Azad Zangana, European Economist at Schroders, cautions against expectations of a swift UK recovery.

Preliminary estimates of GDP growth for between October and December 2009 showed the UK economy grew by 0.1%, ending the longest and deepest recession since the Second World War.
 
The 0.1% rise in GDP growth in Q4 was far lower than city consensus of 0.4%, though preliminary estimates only have about 40% of the final information required to produce a final estimate, and are subject to revisions.
 
The latest estimate provides end-of-year annual growth. The worst performing sectors of 2009 was the manufacturing sector, contracting by (-)10.8%, while the construction sector shrank by (-)10.5%. The best two performing sectors were the Government sector and the Distribution, hotels & restaurants sectors, contracting by (-)0.8% and (-)4.6% respectively.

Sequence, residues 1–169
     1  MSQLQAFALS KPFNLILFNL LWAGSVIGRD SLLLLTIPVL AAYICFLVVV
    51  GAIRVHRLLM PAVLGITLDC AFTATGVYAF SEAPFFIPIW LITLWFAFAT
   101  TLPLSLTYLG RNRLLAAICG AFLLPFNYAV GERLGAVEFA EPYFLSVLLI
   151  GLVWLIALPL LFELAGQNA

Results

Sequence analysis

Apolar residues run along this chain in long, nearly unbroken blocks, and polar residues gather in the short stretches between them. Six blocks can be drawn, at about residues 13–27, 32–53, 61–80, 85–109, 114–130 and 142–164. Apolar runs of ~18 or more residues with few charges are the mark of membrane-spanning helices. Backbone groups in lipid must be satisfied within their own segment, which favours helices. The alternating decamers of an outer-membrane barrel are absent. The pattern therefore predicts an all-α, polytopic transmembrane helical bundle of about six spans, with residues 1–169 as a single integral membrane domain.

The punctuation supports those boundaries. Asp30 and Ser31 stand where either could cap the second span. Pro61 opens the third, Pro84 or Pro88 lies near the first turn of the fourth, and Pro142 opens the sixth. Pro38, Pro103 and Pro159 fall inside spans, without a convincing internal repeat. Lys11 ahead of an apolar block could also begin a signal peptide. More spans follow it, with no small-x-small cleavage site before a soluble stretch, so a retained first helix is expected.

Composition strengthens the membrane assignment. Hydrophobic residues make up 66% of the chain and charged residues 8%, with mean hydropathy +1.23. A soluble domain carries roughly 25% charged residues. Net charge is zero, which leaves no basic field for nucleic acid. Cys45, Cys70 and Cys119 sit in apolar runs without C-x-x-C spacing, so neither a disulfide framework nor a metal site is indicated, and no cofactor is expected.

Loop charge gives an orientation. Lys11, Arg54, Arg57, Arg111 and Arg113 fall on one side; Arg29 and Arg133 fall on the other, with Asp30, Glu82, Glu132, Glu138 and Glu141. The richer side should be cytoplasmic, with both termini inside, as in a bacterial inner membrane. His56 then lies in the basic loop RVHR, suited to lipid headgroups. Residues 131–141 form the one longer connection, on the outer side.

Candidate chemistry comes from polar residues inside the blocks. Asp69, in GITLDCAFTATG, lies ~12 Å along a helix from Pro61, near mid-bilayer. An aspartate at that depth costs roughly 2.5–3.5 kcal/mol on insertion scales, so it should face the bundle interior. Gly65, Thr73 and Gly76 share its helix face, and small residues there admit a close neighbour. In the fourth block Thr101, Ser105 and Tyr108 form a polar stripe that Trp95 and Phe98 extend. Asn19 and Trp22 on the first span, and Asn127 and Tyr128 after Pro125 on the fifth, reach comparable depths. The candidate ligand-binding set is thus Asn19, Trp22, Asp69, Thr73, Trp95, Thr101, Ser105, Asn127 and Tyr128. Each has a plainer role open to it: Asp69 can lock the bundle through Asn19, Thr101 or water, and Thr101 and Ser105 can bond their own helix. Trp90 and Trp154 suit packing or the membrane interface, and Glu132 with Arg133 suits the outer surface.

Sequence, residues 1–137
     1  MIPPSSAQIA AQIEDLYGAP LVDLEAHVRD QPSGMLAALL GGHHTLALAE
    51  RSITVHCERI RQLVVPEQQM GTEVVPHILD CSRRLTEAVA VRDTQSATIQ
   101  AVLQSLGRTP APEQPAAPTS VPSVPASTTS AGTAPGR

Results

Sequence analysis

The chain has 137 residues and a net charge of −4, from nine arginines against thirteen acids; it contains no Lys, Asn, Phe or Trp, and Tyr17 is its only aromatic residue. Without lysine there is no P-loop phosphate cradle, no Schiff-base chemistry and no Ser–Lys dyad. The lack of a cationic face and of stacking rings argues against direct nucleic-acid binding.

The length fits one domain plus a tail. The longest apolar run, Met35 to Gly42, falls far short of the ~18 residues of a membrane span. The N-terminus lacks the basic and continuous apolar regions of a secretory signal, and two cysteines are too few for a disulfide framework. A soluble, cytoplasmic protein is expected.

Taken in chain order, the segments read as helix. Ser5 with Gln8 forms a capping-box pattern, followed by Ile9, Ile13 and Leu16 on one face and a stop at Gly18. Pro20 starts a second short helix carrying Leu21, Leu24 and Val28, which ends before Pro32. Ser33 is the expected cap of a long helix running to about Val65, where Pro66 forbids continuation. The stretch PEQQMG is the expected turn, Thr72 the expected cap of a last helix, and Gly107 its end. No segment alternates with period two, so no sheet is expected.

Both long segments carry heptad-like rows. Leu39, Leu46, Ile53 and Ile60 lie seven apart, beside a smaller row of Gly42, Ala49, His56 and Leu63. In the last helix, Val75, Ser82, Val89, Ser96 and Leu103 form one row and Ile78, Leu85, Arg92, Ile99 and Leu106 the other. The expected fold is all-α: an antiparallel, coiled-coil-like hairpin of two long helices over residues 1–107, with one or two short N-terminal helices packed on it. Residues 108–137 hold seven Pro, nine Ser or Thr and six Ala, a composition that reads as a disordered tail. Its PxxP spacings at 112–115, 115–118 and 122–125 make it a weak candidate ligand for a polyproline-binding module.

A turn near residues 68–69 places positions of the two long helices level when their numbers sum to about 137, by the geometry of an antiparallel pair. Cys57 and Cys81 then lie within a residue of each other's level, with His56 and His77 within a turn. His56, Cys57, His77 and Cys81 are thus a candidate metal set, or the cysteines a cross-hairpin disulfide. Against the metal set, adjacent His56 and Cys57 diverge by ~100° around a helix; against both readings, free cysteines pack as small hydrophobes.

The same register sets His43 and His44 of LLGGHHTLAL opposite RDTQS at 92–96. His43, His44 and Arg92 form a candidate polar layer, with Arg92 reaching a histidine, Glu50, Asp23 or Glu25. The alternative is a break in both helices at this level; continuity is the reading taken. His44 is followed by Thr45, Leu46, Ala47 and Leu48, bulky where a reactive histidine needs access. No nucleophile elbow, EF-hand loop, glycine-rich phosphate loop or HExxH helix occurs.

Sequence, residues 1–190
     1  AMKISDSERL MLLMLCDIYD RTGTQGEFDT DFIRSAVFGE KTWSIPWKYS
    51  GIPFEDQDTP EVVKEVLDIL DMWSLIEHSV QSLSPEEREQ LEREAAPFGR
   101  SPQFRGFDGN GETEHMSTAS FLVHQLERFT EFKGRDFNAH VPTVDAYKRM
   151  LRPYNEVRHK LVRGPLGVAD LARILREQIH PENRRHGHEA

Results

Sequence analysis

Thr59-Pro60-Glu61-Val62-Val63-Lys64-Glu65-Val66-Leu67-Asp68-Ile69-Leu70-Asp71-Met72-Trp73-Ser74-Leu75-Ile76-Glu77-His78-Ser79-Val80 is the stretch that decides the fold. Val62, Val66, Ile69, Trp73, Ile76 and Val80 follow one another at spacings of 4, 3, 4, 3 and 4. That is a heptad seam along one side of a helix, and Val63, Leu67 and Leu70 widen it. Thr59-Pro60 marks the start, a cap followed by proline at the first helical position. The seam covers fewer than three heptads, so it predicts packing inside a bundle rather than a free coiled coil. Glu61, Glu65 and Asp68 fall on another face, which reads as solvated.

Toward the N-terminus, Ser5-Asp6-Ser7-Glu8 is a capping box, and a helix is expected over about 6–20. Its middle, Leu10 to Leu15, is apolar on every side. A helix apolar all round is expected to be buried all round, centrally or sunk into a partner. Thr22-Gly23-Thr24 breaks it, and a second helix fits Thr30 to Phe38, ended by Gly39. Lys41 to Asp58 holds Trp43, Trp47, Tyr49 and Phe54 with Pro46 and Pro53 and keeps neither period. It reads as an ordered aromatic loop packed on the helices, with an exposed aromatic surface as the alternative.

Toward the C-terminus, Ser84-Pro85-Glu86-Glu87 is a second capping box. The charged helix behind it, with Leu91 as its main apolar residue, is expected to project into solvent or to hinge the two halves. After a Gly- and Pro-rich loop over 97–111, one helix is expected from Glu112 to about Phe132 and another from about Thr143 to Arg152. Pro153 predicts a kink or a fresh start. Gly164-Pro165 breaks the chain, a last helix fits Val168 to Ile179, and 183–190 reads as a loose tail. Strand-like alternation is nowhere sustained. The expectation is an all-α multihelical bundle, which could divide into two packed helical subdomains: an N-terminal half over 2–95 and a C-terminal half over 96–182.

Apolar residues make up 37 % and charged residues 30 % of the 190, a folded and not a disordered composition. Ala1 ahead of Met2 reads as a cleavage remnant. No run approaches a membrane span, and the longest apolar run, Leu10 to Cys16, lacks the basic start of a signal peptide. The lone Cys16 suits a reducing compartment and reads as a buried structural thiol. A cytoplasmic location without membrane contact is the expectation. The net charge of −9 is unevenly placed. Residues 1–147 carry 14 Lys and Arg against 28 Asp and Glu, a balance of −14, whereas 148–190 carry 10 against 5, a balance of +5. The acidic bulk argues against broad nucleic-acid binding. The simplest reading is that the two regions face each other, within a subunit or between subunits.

Let's be clear, the UK has finished last in the race to exit recession, six months behind Germany and France. Today's data indicates the start of an extremely fragile recovery, which has been highly reliant on support from fiscal and monetary policy.
 
We estimate it will be at least three years before the UK returns to the level of output achieved in 2007, and as a result the Bank of England will keep interest rates on hold, at least until there is some evidence of the recovery gathering pace.
 
The UK is particularly prone to double-dip recessions, and early fiscal or monetary policy tightening could easily push the UK economy under the water again.

 


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